Surreal. This is how a newspaper described the just concluded meeting on climate change in Milan. Ministers and several hundred government officials gathered to fuss over the final details of a treaty they know may never come into force.
But even more surreal is what the negotiators spent their time fussing over. Their big achievement was a resolve to include -- by rule now -- genetically modified forests in the calculation for sinks (sinks are forests that sequester carbon from cars and power plants and other sources). Their issue was: could this 'soaking in' could be 'accounted' for in the carbon balance sheets each country is supposedly working on? Their deal was: each country can use its own laws to "evaluate the potential risks with the use of genetically modified organisms".
What a major breakthrough. In light of the fact that the entire Kyoto Protocol, into which this arcane rule fits, is in real danger of completely falling apart, the negotiators seem -- to me -- to be in a state of pure denial.
Their condition is easy to understand. To accept reality would be to accept that governments need to change strategy and get real. It would mean accepting that the threat of climate change is so real that only urgent and tough action will do, for we are running out of time, faster than ever before.
It would also mean accepting that Russia is playing a dangerous cat and mouse game with the Kyoto Protocol. It knows the protocol cannot go into force without its 17 per cent of global emissions, because the world's largest polluter, the US (with its 36 per cent) has reneged on its commitment. What a shame that the protocol is designed on the "gracious and willing cooperation" of the world's polluters -- requesting 55 per cent of their emissions before it can be legal. Russia is not gracious. Why should it be? It has no real incentive or disincentive to join the action on combating climate change. It has huge oil reserves. It knows about the US' need and greed for oil. It knows it provides an alternative and strategic source of oil to the unstable and unreliable Middle East.
The world needs Russian oil. Russia does not need the Kyoto Protocol. It is not difficult to keep people -- already in denial -- also in a state of delusion. So, the believers in the protocol continue to hope that one day, soon, Russia will ratify and the protocol will go into force. In the meantime, they pray and play with making new rules.
In all this, the US repeats for the umpteenth time that it rejects the protocol as an "unrealistic and ever-tightening regulatory straitjacket". The European Union (EU) is still at its moralistic best, even as several of its member states are disastrously failing to meet their emission reduction targets. Margot Wallstrom, of the EU's environment commission, recently warned that only Britain and Sweden are on track, as the decreasing trend in emissions since 1990 was reversed in 2000 and 2001.
Also in the meantime, climate employment seekers -- academics, NGOs and consultants -- are finding new ways to keep themselves engaged. On the one hand, they are selling Clean Development Mechanism (CDM) -- the mechanism that would in theory allow industrialised world to buy carbon credits in the developing world by investing in projects that reduce emssions and energy use. (I am calling it 'theoretical' because without the protocol, CDM does not go into effect. Even with the protocol, the price of the carbon-saving project is so low that it should be termed the cheap development mechanism.) Now they are peddling ideas on 'adaptation' so that we can understand how the poor will cope with changes in climate. So, instead of focussing on the politics of mitigation -- on the liability and irresponsibility of the polluter -- the victim will be studied diligently.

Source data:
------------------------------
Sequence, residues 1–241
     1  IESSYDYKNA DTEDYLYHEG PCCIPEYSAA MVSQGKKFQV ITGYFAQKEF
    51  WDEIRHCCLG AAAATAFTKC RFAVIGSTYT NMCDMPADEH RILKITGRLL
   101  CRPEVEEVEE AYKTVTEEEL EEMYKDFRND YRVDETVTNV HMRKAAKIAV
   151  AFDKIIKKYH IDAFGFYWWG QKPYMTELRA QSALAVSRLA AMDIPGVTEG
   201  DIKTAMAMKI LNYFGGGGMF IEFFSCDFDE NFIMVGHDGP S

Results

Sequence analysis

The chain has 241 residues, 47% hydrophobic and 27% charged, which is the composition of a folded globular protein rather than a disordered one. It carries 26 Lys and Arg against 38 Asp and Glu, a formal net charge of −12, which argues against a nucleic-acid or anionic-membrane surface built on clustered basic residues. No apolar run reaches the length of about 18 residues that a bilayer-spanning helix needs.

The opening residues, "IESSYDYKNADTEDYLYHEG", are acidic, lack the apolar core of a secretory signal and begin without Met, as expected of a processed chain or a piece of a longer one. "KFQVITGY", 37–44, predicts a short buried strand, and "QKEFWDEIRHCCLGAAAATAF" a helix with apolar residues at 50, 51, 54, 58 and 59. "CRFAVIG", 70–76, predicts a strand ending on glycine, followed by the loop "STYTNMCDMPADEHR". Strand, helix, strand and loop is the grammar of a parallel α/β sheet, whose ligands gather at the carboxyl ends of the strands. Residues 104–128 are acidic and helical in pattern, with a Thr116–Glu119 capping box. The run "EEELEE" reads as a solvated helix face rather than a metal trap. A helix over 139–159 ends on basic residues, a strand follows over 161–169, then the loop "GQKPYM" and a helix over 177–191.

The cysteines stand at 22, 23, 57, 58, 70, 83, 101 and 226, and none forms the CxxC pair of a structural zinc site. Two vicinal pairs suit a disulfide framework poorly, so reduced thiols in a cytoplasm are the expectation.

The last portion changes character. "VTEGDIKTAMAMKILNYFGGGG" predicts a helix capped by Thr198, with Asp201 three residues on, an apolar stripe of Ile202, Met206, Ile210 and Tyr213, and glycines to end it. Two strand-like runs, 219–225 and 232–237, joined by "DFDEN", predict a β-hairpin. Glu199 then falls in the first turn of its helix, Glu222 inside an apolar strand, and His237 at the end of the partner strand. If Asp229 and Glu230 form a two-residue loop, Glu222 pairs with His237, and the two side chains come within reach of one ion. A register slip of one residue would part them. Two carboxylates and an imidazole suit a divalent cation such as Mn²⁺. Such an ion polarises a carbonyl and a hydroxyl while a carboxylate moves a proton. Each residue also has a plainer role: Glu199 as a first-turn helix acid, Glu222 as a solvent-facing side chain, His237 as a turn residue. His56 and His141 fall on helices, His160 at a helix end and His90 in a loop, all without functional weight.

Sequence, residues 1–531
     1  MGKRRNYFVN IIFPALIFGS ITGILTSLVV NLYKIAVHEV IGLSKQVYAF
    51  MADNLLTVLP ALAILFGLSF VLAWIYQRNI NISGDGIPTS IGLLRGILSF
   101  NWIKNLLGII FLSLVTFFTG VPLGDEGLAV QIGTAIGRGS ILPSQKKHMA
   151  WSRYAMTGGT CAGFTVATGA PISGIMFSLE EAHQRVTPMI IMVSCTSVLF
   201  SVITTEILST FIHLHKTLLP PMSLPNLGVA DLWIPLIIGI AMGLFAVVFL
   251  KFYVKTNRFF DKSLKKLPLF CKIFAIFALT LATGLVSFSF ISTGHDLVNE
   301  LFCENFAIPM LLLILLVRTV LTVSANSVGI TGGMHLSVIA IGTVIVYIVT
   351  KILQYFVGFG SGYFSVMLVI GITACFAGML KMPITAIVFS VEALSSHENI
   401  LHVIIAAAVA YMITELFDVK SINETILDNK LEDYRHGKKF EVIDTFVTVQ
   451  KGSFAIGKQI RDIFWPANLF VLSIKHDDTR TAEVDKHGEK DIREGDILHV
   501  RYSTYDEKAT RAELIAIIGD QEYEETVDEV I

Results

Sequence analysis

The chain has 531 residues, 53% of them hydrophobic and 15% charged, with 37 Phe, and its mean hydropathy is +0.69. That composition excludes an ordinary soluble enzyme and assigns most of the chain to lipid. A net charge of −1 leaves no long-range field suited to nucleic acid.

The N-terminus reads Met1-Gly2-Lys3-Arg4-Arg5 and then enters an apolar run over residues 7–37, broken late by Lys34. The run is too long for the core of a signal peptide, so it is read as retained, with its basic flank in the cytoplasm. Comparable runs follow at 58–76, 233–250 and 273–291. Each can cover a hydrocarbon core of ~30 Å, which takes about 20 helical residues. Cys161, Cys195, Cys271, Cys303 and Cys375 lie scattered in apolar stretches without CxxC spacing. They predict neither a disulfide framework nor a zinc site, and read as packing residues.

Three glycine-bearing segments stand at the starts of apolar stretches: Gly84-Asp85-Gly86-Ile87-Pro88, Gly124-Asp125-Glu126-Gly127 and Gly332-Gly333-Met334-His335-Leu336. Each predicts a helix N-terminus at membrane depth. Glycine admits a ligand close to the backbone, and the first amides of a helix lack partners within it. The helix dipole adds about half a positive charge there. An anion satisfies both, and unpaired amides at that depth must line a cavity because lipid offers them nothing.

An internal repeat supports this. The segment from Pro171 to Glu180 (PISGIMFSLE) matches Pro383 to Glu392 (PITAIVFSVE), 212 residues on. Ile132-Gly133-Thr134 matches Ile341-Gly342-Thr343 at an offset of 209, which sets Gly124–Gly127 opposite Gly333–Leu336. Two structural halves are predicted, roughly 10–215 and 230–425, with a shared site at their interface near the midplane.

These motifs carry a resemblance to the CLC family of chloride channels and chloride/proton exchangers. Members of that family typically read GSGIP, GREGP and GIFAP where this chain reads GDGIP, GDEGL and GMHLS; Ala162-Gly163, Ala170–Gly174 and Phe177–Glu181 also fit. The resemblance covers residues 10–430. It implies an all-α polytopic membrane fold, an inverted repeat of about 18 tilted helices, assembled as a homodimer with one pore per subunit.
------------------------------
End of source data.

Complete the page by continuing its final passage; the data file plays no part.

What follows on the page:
But even as they sell the fragments of Kyoto, this group is also beginning to discourse on the outlines of a Plan-B. What will be life without and after Kyoto? What I fail to comprehend is: how can any plan -- A, B, C -- be more ambitious than the doddering protocol? We know that this protocol is full of loopholes, put there by the US and other carbon greedy nation. We also know that even this pusillanimous treaty is not acceptable to the world's most powerful. Then how can an alternative work, unless we accept it will be even weaker and less effective than what we have now? Why waste time?
Meanwhile, our world is changing. From Inuit hunters in the Arctic seeing the ice melt in front of their eyes, to news that Britain has become twice as stormy in the past 50 years because climate change has forced depressions, to meteorologists who predict that 2003 will be the third-hottest year since modern temperate readings began and to all the growing climate vulnerabilities of the world's poor and coastal populations, it is clear that the whisper is becoming a shout. Climate change signs are here. We are, as we said, running out of time.
I write this with visible frustration: what are the options? I would argue that the only option we have is to make the Kyoto Protocol work. We need renegade nations to join, by forcibly reducing their options to opt out. A group in the UK has proposed trade sanctions or taxing imports from the US because of its non-compliance with treaty objectives. We should isolate it. Should find ways of shunning it. We should definitely not agree to any bilateral sops it is offering, such as hydrogen initiatives or clean energy projects.
But all this will take guts. It will also require our governments to accept that the writing is on the wall as far as climate change is concerned. The news is not good. And switching off the radio will not work anymore.
-- Sunita Narain